Monday, April 2
Welcome Sandy James.
The Wranglers are happy to have Sandy with us today. We're in the same RWA chapter (Indiana) and have the same publisher (shout out to Carina Press), plus she's a teacher, one of my favorite people. She's an inspiration to me simply because she gets so much done, and if I wasn't so much older than she was, I'd want to be her when I grow up. Take it away, Syb...er, Sandy.
Call me Sybil.
At least that’s how I feel some days—as if I have multiple personalities. I’m a teacher AND a writer. Finding a balance between the two is difficult some days.
I’ve always prided myself on being a good teacher. Four of my classes at Greenwood High School are studying Advanced Psychology. I teach those classes in conjunction with Indiana University, and most of the students are receiving college credit for their hard work. As a result, I also work very hard at staying up with the numerous changes in the field of psychology, reading journals and attending training at I.U. The payoff has been wonderful for the kids—most of them leave my school with six credits in psychology and can avoid taking those classes at universities where they become lost in a sea of freshman inside a huge lecture hall.
The problem is that with all this research I do to stay current in psychology, I find a myriad of things I want to use in my books! The voices in my head never cease—which isn’t a complaint. I love that my characters keep up a constant stream of chatter. They’re what make writing fun. My frustration is in finding enough time to write.
During the school year, I carve out an hour or so after dinner and try to grab some quality bonding time with my laptop. That gets a little harder every year because I’m simply too tired to function some evenings. Seeing 170 students in the course of a day in six classes takes a toll, but I also have lupus, an autoimmune illness that has fatigue as one of its main symptoms. Please don’t view that as a complaint, just a statement of fact. I only wish the disease would cut me some slack some nights so I could write! Most of my new chapters are written on weekends and school breaks. During the summer, I can even pretend to be a full-time writer for eight weeks.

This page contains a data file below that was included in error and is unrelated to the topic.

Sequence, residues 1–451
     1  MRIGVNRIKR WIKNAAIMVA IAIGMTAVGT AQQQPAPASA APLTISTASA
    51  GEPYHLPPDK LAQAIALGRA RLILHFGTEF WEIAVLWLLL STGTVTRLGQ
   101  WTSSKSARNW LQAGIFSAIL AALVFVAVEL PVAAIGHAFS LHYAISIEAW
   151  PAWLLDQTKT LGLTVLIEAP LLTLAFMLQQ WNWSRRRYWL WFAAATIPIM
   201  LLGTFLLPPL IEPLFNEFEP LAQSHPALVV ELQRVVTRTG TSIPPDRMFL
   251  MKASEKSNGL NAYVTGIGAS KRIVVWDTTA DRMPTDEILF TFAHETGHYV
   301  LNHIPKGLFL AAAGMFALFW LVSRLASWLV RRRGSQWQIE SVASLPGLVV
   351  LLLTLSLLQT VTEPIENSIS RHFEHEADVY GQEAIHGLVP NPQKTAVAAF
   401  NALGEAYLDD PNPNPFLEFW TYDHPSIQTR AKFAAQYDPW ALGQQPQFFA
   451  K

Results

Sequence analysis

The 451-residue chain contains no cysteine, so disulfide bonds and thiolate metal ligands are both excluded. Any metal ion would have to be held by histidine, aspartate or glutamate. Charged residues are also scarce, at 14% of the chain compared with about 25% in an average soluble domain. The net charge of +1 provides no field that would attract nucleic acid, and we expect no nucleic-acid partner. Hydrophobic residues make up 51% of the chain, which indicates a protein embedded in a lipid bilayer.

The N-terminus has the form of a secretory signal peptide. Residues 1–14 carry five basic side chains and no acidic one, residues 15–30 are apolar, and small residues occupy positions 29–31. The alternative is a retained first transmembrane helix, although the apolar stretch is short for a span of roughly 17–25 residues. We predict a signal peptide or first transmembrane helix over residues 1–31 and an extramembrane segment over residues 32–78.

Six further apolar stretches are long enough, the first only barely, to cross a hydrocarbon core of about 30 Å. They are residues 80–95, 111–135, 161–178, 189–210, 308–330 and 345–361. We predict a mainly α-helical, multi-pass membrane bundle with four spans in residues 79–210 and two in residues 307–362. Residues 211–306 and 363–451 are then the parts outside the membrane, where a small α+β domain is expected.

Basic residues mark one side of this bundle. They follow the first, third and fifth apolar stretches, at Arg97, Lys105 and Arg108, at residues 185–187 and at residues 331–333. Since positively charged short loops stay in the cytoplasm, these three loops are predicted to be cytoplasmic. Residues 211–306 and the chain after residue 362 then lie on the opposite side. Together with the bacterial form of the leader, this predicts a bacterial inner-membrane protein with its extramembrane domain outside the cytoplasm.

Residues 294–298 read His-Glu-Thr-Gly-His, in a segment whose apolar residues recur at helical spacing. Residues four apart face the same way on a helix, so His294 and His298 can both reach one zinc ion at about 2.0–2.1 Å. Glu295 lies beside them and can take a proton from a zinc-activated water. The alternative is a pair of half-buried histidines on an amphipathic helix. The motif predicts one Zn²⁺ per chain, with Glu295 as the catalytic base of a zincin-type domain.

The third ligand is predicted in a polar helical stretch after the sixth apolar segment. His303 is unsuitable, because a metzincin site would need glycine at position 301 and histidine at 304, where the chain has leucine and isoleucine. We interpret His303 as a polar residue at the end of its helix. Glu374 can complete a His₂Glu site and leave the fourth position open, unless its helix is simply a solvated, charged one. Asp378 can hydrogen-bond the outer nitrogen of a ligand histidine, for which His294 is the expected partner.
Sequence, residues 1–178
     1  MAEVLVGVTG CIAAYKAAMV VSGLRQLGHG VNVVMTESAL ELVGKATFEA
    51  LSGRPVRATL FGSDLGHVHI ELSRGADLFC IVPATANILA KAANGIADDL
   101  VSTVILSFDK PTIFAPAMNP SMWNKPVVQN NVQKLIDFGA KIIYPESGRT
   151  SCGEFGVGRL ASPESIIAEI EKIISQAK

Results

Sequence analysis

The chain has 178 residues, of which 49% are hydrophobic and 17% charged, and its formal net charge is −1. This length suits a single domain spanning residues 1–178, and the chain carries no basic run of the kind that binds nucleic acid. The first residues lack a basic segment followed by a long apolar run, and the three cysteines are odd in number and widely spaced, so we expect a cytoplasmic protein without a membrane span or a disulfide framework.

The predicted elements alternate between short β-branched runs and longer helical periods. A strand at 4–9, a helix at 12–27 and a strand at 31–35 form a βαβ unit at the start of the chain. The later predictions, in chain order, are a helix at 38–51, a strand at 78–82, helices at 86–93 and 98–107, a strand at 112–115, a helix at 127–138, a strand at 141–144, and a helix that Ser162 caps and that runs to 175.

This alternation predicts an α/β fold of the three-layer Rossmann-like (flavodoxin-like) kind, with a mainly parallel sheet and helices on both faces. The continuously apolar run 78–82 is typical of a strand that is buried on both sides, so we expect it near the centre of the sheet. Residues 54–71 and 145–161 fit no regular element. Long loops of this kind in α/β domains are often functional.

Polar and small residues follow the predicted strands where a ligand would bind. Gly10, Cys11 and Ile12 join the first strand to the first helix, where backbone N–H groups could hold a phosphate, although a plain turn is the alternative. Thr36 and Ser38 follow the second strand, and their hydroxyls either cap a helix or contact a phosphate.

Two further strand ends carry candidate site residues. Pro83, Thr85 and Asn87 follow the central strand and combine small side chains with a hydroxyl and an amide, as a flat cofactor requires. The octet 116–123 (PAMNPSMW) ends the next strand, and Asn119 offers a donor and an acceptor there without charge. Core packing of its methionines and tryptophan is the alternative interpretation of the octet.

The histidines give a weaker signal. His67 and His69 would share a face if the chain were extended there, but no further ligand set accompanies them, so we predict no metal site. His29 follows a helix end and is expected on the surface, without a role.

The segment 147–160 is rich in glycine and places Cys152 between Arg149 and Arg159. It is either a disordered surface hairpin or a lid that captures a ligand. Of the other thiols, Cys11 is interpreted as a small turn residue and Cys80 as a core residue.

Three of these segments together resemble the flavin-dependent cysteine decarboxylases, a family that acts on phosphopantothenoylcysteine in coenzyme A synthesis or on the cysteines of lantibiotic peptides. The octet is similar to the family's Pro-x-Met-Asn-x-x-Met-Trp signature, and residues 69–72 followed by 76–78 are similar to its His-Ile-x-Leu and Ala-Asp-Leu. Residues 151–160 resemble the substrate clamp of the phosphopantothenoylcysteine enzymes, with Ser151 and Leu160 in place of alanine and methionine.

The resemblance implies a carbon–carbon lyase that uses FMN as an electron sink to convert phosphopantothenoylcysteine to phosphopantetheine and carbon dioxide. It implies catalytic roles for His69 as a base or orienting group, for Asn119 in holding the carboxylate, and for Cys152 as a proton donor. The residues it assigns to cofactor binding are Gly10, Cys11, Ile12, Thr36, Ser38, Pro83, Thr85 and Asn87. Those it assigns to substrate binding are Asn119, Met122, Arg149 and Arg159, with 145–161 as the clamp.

There is one important benefit of being a teacher and a writer—every new person I meet gives me new characteristics to draw upon as I write my heroes and heroines. I often name characters after students who have had a major impact on me or whom I find terribly fascinating. They love “living” in my stories. For example, in my new release—Rules of the Game—one of the secondary characters is named after a former student. Murphy’s Law has most of the main characters named after the GHS class of 2006—students who were so supportive of me as I started pursuing publishing of my books. My day is filled with fascinating people who have stories to tell, and I can’t help but glean from their wonderful wealth of life.
Rules of the Game is also very special to me because I wrote it to commemorate a big milestone in my own life. My high school graduating class just celebrated their thirty-year reunion. I’ve been blessed to be back in touch with so many of those former classmates, and they inspired me to create Madalyn Sawyer—my heroine. She heads back to Indiana to face her past and lets all of the skeletons come tumbling out of her closet.
Writers are such odd creatures, and I suppose teachers who write (like me!) only add to that tendency. We are scavengers of human traits, learning something new from each person who enters our lives. I’m just blessed to have the opportunity to have so many wonderful people enter mine each new school year.
The Amazon link to RofG: